Williams' Head of Vehicle Performance, Dave Robson, admits the team had some concerns about running a camera inside George Russell's helmet at the Italian Grand Prix.
The helmet camera has proved largely popular with fans who have been able to get an insight into what the driver can see when behind the wheel of a Formula 1 car.
Unlike Formula E's 'Driver's Eye' camera which pixelates the steering wheel, F1 have decided to reveal all, including any information on the steering wheel, which Williams agreed to.
"It's not ideal, really, I suppose, from our point of view," Robson told RacingNews365.com and other select members of the press.
"But then again, if people find it interesting and entertaining then that's all part of the sport. It's probably not where I'd choose to put a camera for us but if people like that view that's OK I think."
The helmet camera has been used in F1 in the past but made a return when Fernando Alonso ran it at the Belgian GP at Spa-Francorchamps.
Alpine opted to only use the camera, which has been developed by audio and video technology company Zeronoise and helmet manufacturer Bell, during free practice, whereas Williams chose to run it in competitive sessions as well as free practice.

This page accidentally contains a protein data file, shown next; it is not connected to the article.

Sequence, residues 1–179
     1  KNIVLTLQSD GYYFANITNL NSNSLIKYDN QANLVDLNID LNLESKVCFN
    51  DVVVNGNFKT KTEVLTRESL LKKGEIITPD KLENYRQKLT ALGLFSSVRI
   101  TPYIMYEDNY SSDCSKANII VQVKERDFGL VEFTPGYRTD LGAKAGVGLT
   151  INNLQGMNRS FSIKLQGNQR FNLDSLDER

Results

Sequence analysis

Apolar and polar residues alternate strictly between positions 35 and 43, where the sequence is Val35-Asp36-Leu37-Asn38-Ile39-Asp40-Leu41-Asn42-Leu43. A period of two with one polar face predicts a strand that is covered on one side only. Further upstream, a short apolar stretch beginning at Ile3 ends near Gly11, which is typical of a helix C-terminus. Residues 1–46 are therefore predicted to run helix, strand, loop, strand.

Robson says he "has no objection" if F1 want to run the helmet camera on either of Williams' cars at the upcoming Russian and Turkish GPs.
"We did discuss it a couple of days ago, whether we just run it for the two free practice sessions and then take it off," added Robson "Obviously Formula 1 were keen to run it through the competitive sessions.
"The installation of it is absolutely fine and it doesn't cause us any problems or disadvantages. It's purely down to what's visible on the dash.
"But I think for where we are and for the good of the sport, we are quite happy to run it. There's nothing in particular to hide on the dash."
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